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View Full Version : Solved Needed: some way to seal electronics inside heat shrink tubing up to 250 degrees F.



ElectricAye
01-05-2012, 03:48 PM
I'm in the process of making a probe, approximately 1.5 inch long and about 0.3 inches in diameter. The probe has a few fine wires sticking out of it and contains only a few small electronic components and the whole thing must slide along inside a glass tube less than 0.5 inch in diameter partially filled with aqueous solution. I want the wall thickness of this probe to be as thin as possible, so I've been playing with heat shrink tubing that contains a heat-activated adhesive, which melts and seals up the ends so water can't sneak into the probe. Everything looks good until I must autoclave the probe (at one atmosphere, roughly 250 degrees F), at which time the lovely adhesive starts to remelt somewhat and drool somewhat and not look so pretty anymore. Upon cooling, the adhesive seems to turn back to the solid state but I'm afraid I can't control its deformation while it's in the autoclave.

Anybody know of a substitute for such an adhesive, one that could be melted with a heat gun but stay in place during autoclaving? Or perhaps inserting a thin piece of plastic that would thoroughly melt and bond well with the heat shrink tubing yet stay in place at 250 F?

I suppose another possibility would be to dip the assembled electronics into some sort of viscous epoxy-like solution. That would be great so long as I know it bonds well with the PVC wire insulation and won't form too many nooks and crannies around the electronics and yet still results in a fairly thin skin between the electronics and the fluid outside. But that might be too much to ask of a single epoxy, I'm guessing.

Any suggestions - or lessons learned on what NOT to try - will be greatly appreciated.

Thanks.

Phil Pilgrim (PhiPi)
01-05-2012, 04:28 PM
You could dip the probe in heat-conductive RTV silicone, pull it out, and let it cure. It would be best to create a vacuum on the dipped assembly to remove any air pockets before pulling it out.

-Phil

RDL2004
01-05-2012, 04:58 PM
This might work...

Permatex 80050 Clear RTV Silicone (Amazon.com link) (http://www.amazon.com/gp/product/B0002UEPVI/)

Phil Pilgrim (PhiPi)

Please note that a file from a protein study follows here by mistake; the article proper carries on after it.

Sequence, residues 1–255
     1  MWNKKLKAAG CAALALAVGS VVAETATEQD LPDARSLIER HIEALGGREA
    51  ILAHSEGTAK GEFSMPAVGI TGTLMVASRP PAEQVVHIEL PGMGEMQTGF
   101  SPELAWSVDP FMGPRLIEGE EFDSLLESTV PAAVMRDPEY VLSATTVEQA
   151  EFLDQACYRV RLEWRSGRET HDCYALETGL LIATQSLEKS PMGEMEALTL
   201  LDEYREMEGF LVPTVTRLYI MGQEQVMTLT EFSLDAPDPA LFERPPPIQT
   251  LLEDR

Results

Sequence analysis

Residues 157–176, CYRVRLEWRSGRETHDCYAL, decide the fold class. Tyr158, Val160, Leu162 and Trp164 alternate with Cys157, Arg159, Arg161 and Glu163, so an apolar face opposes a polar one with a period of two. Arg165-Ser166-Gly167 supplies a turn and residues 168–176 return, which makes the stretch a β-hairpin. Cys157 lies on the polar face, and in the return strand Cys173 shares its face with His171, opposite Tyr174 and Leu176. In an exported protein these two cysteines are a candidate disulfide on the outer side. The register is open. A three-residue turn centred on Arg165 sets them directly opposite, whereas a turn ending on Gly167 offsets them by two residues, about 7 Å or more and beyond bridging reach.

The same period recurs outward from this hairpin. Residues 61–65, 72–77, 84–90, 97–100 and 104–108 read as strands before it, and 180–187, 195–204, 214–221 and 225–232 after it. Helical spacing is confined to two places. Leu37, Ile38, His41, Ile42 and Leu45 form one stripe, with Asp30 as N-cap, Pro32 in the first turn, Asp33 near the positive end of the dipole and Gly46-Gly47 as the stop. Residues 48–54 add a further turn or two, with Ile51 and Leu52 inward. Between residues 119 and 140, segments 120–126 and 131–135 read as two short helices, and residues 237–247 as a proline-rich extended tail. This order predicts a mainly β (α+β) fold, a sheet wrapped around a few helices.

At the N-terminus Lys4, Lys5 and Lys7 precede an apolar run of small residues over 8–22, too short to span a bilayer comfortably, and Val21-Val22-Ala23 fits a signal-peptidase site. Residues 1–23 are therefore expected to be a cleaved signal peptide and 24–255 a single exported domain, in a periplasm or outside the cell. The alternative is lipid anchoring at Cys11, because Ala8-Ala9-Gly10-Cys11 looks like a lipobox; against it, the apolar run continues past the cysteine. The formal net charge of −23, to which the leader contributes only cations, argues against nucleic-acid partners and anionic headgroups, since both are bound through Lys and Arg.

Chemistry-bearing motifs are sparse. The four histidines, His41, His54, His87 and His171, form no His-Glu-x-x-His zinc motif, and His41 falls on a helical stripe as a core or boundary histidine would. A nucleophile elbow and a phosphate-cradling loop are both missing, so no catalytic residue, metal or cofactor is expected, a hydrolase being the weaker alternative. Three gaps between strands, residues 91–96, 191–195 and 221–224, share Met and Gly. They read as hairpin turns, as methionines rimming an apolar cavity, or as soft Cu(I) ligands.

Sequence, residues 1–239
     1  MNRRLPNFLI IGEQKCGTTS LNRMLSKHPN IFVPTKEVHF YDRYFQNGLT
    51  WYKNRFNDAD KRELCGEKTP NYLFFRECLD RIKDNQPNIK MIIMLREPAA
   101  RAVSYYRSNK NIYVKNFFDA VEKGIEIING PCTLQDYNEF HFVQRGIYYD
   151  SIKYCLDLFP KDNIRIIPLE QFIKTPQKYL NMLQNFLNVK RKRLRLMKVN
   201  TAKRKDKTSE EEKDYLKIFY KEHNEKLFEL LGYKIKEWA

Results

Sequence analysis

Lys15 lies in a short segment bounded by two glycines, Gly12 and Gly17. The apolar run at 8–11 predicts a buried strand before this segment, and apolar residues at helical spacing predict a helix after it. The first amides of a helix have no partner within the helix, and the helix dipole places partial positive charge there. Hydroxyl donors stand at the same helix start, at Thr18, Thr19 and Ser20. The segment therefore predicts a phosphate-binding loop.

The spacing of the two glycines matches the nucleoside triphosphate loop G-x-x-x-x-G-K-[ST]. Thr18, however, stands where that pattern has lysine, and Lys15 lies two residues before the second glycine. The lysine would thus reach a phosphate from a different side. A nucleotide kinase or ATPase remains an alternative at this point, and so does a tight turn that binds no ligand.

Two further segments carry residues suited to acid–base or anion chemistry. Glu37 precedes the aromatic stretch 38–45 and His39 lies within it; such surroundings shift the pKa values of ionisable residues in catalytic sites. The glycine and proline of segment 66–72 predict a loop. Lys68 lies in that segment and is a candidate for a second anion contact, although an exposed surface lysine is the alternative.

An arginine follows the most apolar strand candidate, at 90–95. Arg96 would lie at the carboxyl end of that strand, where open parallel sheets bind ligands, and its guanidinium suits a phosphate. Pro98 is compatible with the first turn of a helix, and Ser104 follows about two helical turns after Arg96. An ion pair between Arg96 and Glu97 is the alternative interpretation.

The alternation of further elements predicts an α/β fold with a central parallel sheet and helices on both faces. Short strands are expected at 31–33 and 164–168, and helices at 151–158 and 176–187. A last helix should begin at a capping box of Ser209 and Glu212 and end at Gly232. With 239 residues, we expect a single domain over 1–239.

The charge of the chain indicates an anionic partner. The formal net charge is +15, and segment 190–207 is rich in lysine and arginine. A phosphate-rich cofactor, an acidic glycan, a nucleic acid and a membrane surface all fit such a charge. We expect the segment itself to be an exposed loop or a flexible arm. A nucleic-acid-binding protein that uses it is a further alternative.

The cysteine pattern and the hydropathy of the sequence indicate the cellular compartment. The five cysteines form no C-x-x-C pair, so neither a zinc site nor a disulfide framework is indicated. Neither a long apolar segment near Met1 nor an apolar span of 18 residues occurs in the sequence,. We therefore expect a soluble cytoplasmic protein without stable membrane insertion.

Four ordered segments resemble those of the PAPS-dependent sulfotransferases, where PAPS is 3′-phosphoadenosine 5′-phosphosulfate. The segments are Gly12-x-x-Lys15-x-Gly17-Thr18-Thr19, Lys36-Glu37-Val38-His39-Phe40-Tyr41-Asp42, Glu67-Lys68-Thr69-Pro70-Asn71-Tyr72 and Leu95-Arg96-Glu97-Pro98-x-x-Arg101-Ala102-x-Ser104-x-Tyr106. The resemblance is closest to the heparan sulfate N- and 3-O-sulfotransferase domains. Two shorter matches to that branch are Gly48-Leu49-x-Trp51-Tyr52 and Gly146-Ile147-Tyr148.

01-05-2012, 05:07 PM
I was thinking more of a fairly thin two-part silicone. Many of the one-part RTVs cure with acetic acid, which also corrodes electronics.

-Phil

Mike Cook
01-05-2012, 05:20 PM
You might want to check out http://www.plastidip.com/industrial_solutions/Liquid_Tape

They might have something to offer.

ElectricAye
01-05-2012, 05:33 PM
This might work...

Permatex 80050 Clear RTV Silicone (Amazon.com link) (http://www.amazon.com/gp/product/B0002UEPVI/)

Thanks. I'll need to check out if this is compatible with things.



I was thinking more of a fairly thin two-part silicone. Many of the one-part RTVs cure with acetic acid, which also corrodes electronics.

-Phil

Whoa. That's an interesting point, of which I almost forgot. This probe moves around in a realm of microbes that can feed off acetic acid. In fact, they love the stuff. So acetic acids and such are a definite no-no. Some rubbery things like to cure with some heavy metals, too, so I'll have to check on the biocompatibility of that as well. I guess that's why I was kinda hoping for a hot melt plastic approach so there might be less likelihood of unmixed uncured byproducts getting into the food chain of these microbes. They must be kept on the microbial version of WeightWatchers, so I can't allow them to cheat by nibbling on potting compound when nobody's watching.

ElectricAye
01-05-2012, 05:35 PM
You might want to check out http://www.plastidip.com/industrial_solutions/Liquid_Tape

....

Thanks for the idea, Mike, but I tried that stuff a couple years ago for a different project and I just couldn't get it to work very well for smaller components. Maybe I used it wrong, but it just gave me all kinds of problems.

WBA Consulting
01-05-2012, 06:52 PM
Look into using a vinyl cap (http://www.caplugs.com/productdetails.aspx?id=1000047&itemno=VC+SERIES) from Caplug and then filling it with 3M Scotch Weld (http://solutions.3m.com/wps/portal/3M/en_US/Oil-Gas/Home/Prod_Info/Prod_Catalog/?PC_7_RJH9U5230GE3E02LECFTDQO0L7000000_nid=GS1R74K KZRgsFTXPWQH1VCglLF8LWCMKNGbl) Epoxy Potting Compound like a 3m DP-270 (http://www.alliedelec.com/search/productdetail.aspx?SKU=70113956#tab=overview). Some thermistors (http://www.ussensor.com/h3686.html) we use are done that way by the manufacturer, US Sensor.